After a critical investigation into the Ferguson Police Department held by the Justice Department, reports revealing discriminatory practices against African-Americans through the use of traffic stops which highlight the earlier tensions in a town that ultimately spiraled into a frenzy late last year. It was Michael Brown’s death in August by former Ferguson officer Darren Wilson, which acted as the catalyst for the investigation.
According to the New York Times, several officials concluded that the reports will read that the city was unfairly ticketing and arresting African-Americans as a means to balance the city’s budget. The soon to be released document will require Ferguson officials to take accountability and action for their unethical policing.
The report, which is expected to be released as early as this week, will force Ferguson officials to either negotiate a settlement with the Justice Department or face being sued by it on civil rights charges. Either way, the result is likely to be significant changes inside the Ferguson Police Department, which is at the center of a national debate over race and policing.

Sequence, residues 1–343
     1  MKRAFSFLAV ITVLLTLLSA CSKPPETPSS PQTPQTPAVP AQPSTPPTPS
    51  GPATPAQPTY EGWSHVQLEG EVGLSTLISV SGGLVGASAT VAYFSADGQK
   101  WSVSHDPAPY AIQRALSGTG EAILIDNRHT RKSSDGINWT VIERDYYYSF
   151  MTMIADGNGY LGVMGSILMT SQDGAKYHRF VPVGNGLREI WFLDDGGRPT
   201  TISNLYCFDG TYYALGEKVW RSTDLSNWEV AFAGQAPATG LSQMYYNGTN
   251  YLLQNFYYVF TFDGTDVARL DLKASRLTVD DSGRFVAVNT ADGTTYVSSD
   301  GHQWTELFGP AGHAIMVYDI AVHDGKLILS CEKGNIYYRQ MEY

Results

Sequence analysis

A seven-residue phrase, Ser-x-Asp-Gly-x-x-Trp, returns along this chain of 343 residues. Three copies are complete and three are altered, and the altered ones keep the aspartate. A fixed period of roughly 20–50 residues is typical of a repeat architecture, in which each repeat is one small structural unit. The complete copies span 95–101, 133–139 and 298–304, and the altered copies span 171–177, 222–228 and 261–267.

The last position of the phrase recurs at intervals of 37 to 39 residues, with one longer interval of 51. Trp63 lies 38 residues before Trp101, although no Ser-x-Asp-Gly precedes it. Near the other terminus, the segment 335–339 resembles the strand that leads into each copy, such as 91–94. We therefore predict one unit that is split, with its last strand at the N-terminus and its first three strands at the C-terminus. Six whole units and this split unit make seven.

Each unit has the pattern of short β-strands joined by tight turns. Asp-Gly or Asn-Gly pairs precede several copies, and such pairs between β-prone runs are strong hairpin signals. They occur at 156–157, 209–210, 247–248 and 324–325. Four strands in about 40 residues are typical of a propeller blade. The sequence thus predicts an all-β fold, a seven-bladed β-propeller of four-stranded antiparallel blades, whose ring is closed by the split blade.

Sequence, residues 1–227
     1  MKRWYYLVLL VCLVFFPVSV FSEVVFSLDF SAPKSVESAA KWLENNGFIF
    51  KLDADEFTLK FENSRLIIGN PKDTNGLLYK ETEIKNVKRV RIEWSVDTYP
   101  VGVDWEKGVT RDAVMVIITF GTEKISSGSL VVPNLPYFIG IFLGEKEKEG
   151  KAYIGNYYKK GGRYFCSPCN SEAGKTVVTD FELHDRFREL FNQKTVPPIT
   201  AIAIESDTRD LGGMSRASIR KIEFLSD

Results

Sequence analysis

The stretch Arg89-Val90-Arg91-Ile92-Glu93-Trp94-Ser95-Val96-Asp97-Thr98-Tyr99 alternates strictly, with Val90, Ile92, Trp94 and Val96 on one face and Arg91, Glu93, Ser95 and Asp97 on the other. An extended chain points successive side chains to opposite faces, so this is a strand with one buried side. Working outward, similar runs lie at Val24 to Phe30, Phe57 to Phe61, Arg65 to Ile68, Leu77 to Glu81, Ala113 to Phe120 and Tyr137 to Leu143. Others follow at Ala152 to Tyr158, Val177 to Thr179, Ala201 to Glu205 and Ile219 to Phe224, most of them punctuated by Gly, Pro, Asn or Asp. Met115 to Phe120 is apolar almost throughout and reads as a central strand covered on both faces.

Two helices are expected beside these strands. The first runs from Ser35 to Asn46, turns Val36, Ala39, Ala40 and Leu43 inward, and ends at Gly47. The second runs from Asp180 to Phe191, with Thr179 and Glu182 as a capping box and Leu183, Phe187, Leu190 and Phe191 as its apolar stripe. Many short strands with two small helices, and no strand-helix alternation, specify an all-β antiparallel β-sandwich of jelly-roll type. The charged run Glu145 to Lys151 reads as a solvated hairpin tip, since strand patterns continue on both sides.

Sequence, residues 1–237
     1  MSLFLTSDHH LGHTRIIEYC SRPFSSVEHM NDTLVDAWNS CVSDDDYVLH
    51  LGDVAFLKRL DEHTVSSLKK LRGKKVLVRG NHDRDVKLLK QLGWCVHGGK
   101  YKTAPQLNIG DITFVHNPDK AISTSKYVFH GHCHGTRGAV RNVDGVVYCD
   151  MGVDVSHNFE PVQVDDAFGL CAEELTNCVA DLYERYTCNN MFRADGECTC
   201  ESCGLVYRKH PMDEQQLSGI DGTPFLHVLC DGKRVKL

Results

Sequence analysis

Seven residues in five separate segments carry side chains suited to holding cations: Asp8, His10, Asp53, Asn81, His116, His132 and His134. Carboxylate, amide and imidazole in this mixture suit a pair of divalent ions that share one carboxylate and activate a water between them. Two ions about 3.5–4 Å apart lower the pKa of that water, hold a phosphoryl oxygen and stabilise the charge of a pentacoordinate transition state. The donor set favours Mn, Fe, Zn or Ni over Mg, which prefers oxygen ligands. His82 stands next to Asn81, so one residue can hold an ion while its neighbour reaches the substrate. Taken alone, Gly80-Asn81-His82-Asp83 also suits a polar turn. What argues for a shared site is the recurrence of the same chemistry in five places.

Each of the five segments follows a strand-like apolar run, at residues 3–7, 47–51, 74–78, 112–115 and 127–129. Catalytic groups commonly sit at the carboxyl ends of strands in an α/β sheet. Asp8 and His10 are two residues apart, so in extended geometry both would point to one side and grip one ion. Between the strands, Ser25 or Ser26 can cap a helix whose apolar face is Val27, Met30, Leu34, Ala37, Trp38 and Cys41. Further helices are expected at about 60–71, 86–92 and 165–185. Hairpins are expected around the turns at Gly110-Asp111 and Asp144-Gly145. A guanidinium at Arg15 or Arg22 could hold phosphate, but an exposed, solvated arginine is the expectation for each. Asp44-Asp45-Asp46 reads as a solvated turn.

The NYT also reports information regarding traffic stops involving African Americans in Missouri from the past year.
Blacks accounted for 86 percent of traffic stops in 2013 but make up 63 percent of the population, according to the most recent data published by the Missouri attorney general. And once they were stopped, black drivers were twice as likely to be searched, even though searches of white drivers were more likely to turn up contraband.
Last week James Knowles III, mayor of Ferguson, criticized Eric H. Holder for saying that ‘wholesale change’ needed to take place in the Ferguson Police department, and then questioned the actions of the Justice Department by saying, “How come they haven’t told us there is something that needs to be changed as they found it and why have they allowed whatever they think is happening to continue to happen for six months if that’s the case?”